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Hummingbirds return to the Piedmont early this year

Rose-breasted grosbeaks, such as this male, visit feeders for sunflower seeds beginning in mid-April, with a peak around May 1.
Rose-breasted grosbeaks, such as this male, visit feeders for sunflower seeds beginning in mid-April, with a peak around May 1.

Thanks to everyone who reported their first hummingbird sightings of the season. I received more than 60 reports from readers as early as March 25. A few seemed to indicate rufous hummingbirds moving out as the ruby-throateds were moving in. Reports of ruby-throated hummers were exclusively pouring in by about March 31.

Keep in mind that these initial reports are likely a combination of northbound birds and local breeders. There will probably be a decline in activity at feeders as the northern birds move out, reducing the temporary glut of hummingbirds in the area. Keep the feeders up. You may be lucky and host a breeding pair. If your birds seem to disappear, don’t worry. The feeding frenzy will return by late July as birds begin drifting south.

Ruby-throated hummingbirds, and other species, are arriving several days to almost a week earlier than a couple of decades ago. On March 22, I recorded Louisiana waterthrush. It was my earliest sighting by a full week.

Yellow-throated vireos and prothonotary warblers used to show up well after April 1. Now they are here by the end of March. Northern parulas appear in the southern portions of Mecklenburg County by the third week of March now, whereas April 1 used to be the arrival date.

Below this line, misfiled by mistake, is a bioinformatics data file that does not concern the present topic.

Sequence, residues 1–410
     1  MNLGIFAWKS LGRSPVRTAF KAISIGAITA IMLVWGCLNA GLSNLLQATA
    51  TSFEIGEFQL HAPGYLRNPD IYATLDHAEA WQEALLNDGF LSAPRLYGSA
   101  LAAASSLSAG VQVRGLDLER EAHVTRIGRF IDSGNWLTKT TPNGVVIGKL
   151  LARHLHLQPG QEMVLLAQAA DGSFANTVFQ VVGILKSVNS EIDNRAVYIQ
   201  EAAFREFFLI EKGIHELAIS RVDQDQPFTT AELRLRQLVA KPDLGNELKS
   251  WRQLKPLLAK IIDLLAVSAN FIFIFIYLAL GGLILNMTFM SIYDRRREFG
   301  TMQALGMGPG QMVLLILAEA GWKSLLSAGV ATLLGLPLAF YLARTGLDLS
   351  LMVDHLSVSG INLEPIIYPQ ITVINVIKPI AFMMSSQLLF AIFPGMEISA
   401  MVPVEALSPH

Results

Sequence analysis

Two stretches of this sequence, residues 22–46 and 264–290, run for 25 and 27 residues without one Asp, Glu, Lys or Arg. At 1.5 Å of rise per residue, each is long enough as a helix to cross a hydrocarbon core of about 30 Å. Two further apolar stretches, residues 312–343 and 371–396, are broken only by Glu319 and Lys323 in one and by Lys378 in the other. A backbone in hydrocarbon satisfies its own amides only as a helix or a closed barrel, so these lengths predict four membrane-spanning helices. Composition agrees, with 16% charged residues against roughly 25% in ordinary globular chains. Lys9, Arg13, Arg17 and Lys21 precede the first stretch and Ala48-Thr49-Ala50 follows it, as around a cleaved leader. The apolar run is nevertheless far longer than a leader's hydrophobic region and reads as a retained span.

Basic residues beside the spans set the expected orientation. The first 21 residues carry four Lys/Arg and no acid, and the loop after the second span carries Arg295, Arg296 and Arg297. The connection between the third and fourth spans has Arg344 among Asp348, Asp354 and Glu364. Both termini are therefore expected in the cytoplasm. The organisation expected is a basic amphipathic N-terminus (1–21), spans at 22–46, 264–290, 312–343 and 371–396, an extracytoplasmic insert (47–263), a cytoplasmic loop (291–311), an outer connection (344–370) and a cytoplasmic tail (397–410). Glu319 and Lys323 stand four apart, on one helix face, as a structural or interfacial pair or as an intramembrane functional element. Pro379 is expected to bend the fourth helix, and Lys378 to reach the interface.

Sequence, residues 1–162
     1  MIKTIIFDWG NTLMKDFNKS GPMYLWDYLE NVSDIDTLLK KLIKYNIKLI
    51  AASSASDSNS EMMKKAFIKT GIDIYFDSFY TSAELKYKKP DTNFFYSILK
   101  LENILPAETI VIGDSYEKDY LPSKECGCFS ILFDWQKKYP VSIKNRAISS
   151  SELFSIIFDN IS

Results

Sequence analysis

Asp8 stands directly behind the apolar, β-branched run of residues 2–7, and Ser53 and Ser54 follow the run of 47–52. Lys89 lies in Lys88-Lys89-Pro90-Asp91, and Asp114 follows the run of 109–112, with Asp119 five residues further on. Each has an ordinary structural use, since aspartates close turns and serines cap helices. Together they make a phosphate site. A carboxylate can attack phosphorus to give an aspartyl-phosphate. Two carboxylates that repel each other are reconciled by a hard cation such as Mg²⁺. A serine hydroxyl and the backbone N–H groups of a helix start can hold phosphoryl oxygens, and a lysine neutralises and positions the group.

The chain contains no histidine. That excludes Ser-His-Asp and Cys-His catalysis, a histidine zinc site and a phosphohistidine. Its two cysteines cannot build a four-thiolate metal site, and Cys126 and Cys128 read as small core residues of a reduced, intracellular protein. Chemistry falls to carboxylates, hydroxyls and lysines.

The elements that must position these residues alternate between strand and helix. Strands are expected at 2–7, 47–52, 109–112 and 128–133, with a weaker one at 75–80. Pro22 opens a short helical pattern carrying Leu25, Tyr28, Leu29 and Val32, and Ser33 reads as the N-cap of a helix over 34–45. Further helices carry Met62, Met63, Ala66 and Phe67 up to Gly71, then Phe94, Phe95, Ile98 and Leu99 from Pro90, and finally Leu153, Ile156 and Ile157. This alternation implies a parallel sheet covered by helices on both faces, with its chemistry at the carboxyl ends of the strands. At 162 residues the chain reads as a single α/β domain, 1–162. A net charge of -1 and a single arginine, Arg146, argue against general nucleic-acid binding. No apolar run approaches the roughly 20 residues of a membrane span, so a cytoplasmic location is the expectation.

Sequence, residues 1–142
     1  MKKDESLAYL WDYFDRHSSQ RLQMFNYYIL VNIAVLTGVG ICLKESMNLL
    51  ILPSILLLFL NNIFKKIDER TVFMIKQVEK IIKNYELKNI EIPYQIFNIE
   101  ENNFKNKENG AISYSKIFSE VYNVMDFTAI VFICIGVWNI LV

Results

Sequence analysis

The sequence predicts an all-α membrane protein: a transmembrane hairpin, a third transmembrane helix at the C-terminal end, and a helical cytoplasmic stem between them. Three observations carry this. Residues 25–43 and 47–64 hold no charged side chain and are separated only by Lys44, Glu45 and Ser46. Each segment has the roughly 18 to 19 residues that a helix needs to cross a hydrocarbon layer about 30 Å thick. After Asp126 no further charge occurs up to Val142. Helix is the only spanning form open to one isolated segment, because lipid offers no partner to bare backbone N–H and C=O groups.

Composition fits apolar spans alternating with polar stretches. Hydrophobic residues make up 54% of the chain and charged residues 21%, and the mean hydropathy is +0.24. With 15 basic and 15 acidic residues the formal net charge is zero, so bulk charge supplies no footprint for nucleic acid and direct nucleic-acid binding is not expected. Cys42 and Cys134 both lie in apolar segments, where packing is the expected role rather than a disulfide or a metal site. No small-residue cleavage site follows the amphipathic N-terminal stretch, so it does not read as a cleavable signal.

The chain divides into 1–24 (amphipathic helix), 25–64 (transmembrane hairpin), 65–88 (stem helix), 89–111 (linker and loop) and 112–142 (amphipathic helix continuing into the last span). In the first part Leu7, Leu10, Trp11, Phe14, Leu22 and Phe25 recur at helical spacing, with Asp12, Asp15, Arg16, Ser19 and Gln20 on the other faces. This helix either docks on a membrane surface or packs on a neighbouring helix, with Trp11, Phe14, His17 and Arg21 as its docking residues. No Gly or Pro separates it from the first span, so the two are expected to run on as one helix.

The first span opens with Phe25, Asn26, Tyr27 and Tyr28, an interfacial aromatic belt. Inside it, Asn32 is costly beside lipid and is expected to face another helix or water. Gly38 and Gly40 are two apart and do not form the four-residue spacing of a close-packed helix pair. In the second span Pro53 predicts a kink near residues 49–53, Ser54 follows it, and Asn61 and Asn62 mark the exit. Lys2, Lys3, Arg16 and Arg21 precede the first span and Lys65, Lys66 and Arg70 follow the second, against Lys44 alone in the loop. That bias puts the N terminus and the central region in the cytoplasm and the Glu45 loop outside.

The birds that patronized your feeders through the winter have already moved on; my feeders went almost silent this week when the pine siskins finally departed. Continue to keep the feeders stocked, however, especially with fresh sunflower seed. Some really exciting feeder birds will be passing through in just a couple of weeks.

Rose-breasted grosbeaks visit feeding stations for sunflower seeds beginning in mid-April, with a peak around May 1. The males are truly breathtaking. Indigo buntings and blue grosbeaks will take sunflower seeds, too. Remember to provide fresh water through the spring. The brightly colored tanagers and warblers that spend most of their time in the treetops have to descend for a drink several times a day.

Now through mid-May will be an especially exciting time for birders. Spring migration is accelerating, giving folks a brief opportunity to observe northern breeders passing through the Piedmont.

Taylor Piephoff is a naturalist with an interest in the birds and wildlife of the southern Piedmont: PiephoffT@aol.com. Check out his blog at piedmontbirding.blogspot.com.

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